After Burnaby's gripping mayoral race in 2018, in which 16-year incumbent Mayor Derek Corrigan lost to former firefighter and union vice-president Mike Hurley, this year's election for mayor will likely be very simple: Hurley wins.
The first-term mayor is running unopposed.
"I am humbled and honoured to be acclaimed as Mayor for four more years. It takes a lot of teamwork and collaboration to get things done," Hurley wrote in a Facebook post.
If no one challenges Hurley's run by Sept. 19, he'll be acclaimed and sworn in for a new term on Nov. 2 with the other elected officials, according to Burnaby's chief election officer, Lynne Axford.
Hurley supported by Burnaby civic parties
Hurley, an independent, has the support of all three of the city's political parties.
The Burnaby Citizens Association, Burnaby's long-standing NDP-affiliated party, which currently holds four of eight council seats, announced on Thursday (Sept. 8) the party would not run a mayoral candidate this year.
The BCA's mayoral candidate in 2018 was incumbent Corrigan on his fifth term in office.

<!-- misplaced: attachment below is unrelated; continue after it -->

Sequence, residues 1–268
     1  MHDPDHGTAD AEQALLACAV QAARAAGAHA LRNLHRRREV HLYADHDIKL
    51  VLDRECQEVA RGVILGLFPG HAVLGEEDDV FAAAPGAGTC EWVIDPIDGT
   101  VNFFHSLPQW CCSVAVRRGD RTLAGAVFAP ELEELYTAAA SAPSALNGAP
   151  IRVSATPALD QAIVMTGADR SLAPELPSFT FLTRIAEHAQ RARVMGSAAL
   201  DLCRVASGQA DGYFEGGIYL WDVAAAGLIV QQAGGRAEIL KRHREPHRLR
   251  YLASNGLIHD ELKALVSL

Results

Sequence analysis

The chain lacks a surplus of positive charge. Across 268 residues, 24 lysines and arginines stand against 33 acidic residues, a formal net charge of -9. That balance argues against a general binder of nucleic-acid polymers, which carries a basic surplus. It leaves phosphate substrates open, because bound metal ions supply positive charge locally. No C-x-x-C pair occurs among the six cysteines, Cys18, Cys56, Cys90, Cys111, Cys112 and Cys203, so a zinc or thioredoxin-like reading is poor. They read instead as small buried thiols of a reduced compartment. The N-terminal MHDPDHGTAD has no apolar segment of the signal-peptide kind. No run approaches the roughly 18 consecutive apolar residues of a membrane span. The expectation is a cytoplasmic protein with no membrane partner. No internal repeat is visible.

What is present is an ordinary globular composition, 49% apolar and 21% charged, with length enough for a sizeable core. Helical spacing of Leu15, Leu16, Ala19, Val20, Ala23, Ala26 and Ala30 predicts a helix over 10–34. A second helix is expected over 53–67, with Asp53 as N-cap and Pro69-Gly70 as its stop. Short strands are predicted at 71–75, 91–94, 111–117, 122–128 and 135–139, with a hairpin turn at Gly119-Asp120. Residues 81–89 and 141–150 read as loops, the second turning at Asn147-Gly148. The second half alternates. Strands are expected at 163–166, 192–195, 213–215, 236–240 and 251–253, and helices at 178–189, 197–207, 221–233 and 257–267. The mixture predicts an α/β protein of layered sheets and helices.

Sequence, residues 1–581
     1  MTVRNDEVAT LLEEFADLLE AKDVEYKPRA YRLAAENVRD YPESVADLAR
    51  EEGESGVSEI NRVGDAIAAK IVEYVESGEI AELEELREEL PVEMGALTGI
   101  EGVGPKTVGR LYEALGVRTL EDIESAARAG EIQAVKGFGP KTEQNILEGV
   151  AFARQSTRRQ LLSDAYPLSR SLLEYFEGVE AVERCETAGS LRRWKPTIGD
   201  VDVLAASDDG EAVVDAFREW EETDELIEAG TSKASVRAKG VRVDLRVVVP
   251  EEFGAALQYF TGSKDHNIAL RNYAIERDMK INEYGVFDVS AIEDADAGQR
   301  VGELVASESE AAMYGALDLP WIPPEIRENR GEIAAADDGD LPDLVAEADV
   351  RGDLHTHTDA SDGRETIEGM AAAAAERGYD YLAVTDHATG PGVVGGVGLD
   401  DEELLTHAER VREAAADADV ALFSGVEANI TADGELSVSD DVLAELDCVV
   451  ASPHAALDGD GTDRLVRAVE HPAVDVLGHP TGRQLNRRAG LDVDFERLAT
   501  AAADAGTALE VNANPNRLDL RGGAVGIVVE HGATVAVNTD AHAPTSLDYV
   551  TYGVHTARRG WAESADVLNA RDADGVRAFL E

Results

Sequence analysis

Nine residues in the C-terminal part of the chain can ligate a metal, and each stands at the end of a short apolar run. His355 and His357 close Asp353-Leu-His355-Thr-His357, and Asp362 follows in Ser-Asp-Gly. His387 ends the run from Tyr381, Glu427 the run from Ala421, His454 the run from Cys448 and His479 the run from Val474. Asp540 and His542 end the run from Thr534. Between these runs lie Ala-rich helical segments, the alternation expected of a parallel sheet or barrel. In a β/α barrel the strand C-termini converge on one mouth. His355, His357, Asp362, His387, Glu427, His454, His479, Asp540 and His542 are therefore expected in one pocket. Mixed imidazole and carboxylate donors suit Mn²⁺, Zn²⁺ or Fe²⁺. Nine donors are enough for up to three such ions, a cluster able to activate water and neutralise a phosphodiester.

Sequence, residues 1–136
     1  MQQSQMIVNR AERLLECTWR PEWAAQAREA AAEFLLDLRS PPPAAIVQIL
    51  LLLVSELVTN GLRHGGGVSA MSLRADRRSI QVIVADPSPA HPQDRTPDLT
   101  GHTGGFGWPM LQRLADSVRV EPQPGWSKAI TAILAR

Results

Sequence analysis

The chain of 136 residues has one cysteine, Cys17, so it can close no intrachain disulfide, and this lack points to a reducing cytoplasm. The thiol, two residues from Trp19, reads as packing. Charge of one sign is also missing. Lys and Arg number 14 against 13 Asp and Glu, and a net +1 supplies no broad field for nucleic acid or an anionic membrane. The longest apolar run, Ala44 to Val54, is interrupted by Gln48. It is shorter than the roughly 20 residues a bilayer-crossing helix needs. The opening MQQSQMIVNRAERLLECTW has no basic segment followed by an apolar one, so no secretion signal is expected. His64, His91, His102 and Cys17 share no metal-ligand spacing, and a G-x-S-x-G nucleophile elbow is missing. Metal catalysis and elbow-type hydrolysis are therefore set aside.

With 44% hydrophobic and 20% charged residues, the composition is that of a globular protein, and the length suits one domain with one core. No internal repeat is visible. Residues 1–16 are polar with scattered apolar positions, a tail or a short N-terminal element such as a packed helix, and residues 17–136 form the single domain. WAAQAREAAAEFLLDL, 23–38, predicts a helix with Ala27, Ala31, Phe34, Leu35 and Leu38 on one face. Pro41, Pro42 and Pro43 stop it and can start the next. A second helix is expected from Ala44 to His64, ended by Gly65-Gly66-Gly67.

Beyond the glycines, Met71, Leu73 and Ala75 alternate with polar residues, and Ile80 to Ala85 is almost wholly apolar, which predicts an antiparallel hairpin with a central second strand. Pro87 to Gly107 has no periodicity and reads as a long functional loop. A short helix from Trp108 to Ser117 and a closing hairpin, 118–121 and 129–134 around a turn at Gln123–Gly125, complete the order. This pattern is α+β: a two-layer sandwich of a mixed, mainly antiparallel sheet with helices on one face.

The Burnaby Green Party endorsed Hurley when it announced its slate of candidates in June.
New civic party on the block, One Burnaby, also came out of the gate supporting Hurley.
Two longtime BCA councillors, who left the party in 2020 in part because of political differences with the mayor, Dan Johnston and Colleen Jordan, announced they will not run for re-election this year, leaving two seats up for grabs around the council table.
Poll showed support for Hurley
A poll from Research Co. in December 2021 had Hurley's approval rating at 51 per cent.
The poll also found almost half of Burnaby residents (48 per cent) were willing to re-elect him.
In 2018, Hurley won the election with about 53 per cent of the vote, with 26,260 votes — beating out Corrigan by almost 6,000 votes.
In Port Coquitlam, Mayor Brad West has also won his second term by acclamation.
Local elections in B.C. will be held on Oct. 15 this year.